This becomes an incredibly powerful solution when your aim is to optimize how to:
- Attract opportunity;
- Build a relationship with an opportunity; and
- Convert an opportunity.
I’ll be sure to dig deeper into behavioural personas in a later post
Lastly, we look at products of interest. Product interest is a relatively easy thing if you have gone through the steps above, but crucial to understanding what to show your opportunity. Without knowing what your opportunity is interested in, you often won’t be sending the right messages or will be forced to have 3-4 messages in an unfocused fashion with the hopes that they engage with something or anything you might show them.
I am sure you can see the inherent flaw in the immediately above strategy. If you don’t measure which product/service your opportunity is interested in, you will be forced to generalize and risk having an unfocused relationship.
Another way to view this is, what if you don’t have a product that interests your opportunity, do you just give up and throw in the towel? No, you should have complementary non-financial products in which your opportunities want to involve themselves. Non-financial products help to build a long-term relationship until that opportunity is ready to buy your financial products.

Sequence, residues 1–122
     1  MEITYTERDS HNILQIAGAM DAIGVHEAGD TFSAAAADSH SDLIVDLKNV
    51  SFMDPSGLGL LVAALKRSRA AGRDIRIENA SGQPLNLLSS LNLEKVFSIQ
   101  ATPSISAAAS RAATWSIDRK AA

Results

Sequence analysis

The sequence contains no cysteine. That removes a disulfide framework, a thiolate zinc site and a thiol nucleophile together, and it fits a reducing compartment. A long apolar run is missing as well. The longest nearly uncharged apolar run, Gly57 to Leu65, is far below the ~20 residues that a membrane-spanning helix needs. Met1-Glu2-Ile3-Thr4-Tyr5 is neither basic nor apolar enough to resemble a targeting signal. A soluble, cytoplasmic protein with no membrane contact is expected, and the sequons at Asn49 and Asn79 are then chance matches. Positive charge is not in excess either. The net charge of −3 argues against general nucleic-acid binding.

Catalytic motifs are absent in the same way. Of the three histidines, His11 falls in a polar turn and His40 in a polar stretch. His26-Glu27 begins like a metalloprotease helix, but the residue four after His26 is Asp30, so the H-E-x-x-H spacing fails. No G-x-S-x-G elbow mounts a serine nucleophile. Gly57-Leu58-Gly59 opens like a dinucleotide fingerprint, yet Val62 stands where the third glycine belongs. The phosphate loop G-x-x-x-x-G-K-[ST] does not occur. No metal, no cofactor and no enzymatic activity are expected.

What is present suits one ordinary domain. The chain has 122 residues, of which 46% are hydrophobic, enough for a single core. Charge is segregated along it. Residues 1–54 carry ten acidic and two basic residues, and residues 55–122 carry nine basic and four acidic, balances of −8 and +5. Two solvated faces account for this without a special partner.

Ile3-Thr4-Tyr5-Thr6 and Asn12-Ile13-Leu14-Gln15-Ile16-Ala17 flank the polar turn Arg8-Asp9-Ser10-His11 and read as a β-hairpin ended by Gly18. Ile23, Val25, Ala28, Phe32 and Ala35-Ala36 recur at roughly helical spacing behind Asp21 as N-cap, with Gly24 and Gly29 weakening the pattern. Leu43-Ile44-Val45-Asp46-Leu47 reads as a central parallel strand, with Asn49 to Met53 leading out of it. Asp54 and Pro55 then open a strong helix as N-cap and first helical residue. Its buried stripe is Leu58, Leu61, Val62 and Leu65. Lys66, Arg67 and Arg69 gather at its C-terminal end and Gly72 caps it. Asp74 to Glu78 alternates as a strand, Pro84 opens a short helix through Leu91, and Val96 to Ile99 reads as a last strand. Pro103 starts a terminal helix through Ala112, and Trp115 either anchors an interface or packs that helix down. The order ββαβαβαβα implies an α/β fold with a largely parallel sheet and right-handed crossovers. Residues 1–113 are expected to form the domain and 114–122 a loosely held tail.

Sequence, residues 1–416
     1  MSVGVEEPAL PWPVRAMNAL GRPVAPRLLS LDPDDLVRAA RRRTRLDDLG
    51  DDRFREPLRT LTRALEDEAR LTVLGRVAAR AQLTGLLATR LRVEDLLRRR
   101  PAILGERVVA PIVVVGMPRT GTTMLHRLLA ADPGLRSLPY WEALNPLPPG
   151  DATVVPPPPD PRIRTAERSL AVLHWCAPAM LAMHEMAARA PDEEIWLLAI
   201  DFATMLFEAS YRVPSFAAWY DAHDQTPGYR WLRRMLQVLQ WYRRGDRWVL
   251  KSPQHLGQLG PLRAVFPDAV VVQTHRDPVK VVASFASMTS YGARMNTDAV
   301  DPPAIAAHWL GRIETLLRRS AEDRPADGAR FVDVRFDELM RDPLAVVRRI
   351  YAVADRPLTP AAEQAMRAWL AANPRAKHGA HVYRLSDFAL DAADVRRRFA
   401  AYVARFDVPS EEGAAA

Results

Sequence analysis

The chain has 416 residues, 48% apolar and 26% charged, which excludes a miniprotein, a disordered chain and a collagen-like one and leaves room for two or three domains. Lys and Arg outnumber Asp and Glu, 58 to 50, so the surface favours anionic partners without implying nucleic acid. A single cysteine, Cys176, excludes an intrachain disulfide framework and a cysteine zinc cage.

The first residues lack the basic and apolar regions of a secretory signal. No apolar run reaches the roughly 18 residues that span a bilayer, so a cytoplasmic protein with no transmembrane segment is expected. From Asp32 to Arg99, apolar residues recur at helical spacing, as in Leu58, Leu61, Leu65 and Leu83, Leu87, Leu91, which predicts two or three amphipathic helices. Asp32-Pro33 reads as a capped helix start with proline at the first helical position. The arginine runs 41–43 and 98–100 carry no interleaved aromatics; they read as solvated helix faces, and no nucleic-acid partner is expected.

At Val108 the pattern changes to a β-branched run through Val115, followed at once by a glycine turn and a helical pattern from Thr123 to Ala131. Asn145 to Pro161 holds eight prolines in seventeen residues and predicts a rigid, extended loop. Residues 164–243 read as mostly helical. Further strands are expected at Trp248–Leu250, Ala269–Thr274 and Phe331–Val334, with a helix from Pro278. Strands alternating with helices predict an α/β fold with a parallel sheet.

After going through this long post, you might be asking yourself why the Opportunity Status, Behavioural Personas, and the Product Interest dimensions are so important? I have seen, and believe, that marketers create collateral best when they have a clear understanding of where the opportunity is living at the moment. With no guessing and clearly optimizing for the function of where these three dimensions converge, opportunities will thrive and so will your business.
This blog post is a pre-lude to my next article where I will discuss the advantages of a repeatable framework that is reasonably accessible to mid-sized companies (100+) but is geared for the enterprise. I call it the ‘Tower Model’.